Shareholders bemoan moves by quoted firms to delist from NSE
The shareholders, who warned that such actions are a disincentive to market growth, argued that regulators must review transaction costs, and grant tax incentives to listed firms to enable them enjoy the benefits of being listed as obtainable in the global market.
According to them, with the little signs of recovery and capital appreciation witnessed in the market in recent times, there is a need for the whole gamut of the market, including listed firms, to be cautious and avoid any actions and decisions that could erode investors’ confidence in the market.
Among the quoted companies likely to exit the Stock Exchange and NSE 30 Index, as announced by the Exchange two weeks ago are Seven Up Bottling Company Plc, Oando Plc, UACN Plc, Julius Berger Nigeria Plc, and Forte Oil Plc.
Voluntary Delisting occurs when a company decides that it would like to purchase all of its shares or move to an OTC market while in full compliance with the Exchange. Typically, companies are notified 30 days before being delisted, and shares can plunge as a result.
They explained that in such circumstances, the shareholders are left in the lurch with no option but to tender their shares at whatever price, which may be much lower than the actual value of the company.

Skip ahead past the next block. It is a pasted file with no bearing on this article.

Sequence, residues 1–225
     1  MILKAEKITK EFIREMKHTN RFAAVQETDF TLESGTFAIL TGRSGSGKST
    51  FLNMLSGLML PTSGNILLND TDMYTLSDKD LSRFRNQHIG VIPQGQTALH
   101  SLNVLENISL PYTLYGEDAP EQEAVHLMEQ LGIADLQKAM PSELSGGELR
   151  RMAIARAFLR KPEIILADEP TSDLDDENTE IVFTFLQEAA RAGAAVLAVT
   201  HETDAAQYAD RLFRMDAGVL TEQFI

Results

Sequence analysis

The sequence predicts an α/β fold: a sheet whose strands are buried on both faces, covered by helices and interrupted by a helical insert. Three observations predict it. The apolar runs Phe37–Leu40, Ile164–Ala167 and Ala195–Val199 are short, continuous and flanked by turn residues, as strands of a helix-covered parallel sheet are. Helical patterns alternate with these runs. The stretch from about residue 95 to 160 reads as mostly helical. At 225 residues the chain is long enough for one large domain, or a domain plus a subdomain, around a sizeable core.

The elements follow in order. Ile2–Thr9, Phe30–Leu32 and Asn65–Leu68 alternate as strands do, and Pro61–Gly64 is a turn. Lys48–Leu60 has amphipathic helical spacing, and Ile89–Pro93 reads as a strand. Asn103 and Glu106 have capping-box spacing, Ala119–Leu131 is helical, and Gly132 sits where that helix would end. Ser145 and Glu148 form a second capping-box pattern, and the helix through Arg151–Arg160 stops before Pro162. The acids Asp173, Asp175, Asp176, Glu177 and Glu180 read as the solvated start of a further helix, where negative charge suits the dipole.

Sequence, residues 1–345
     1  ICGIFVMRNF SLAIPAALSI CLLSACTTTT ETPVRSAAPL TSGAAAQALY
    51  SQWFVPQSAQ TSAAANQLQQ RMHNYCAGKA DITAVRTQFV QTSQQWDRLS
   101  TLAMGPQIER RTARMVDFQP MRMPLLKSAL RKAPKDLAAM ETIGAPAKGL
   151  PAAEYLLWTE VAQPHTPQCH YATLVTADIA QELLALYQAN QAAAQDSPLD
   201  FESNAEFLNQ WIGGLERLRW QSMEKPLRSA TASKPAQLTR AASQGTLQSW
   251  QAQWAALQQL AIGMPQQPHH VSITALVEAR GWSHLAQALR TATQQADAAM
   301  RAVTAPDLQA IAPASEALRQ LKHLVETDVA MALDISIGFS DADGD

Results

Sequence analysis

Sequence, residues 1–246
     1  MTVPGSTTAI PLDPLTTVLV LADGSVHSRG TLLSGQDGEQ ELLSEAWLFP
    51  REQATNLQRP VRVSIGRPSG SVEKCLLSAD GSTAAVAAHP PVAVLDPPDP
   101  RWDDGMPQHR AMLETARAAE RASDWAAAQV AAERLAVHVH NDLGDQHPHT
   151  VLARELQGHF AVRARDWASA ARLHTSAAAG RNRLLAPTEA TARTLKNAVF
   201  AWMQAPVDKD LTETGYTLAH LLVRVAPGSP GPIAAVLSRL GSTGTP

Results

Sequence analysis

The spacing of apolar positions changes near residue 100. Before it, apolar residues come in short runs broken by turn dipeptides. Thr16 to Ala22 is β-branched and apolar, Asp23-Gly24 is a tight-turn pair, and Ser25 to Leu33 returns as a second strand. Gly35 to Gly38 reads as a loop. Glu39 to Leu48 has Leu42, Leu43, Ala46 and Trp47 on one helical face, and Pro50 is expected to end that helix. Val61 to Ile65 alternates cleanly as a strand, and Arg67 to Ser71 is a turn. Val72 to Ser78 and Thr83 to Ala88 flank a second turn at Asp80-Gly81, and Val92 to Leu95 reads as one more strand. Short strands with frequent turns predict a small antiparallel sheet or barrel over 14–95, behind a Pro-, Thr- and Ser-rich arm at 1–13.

Furthermore, they stressed the need for regulators to be very cautious of the procedures followed, opportunities provided to public shareholders, and its overall impact on the investor confidence, while putting in place a complete check and control mechanism for the same.
They suggested that regulators should mandate voluntary delisted firms to list on the Over -The -Counter market so that interested investors can retain their holdings in those firms.
The President, Proactive Shareholders Association, Taiwo Oderinde, said: “The delisting of Seven Up and others will affect all the stakeholders not only the shareholders alone. The government and regulators are not doing enough by not protecting investors and the market as required.
“All the benefits the listed companies should enjoy such as reduced tax among others are not there. For instance, when Seven Up discovered that Nigerian Bottling Company after delisting is better off, they also decided to do it.
“Therefore, our regulators should wake up from their slumber and do the needful now before all the companies delist from the exchange. They should be creative and introduce good packages for the benefits of the quoted companies. Also, we would try to vote against theirs delisting at the Extra Ordinary General Meetings. (EGM),” he said.
The Publicity Secretary, Independence Shareholders Association of Nigeria, Moses Igrude, argued that voluntary delisting is common among foreign firms that believe they have incurred huge debts and needed the assistance of their parent companies, or want to make huge investment of long term gestation before dividend will be paid to shareholders.
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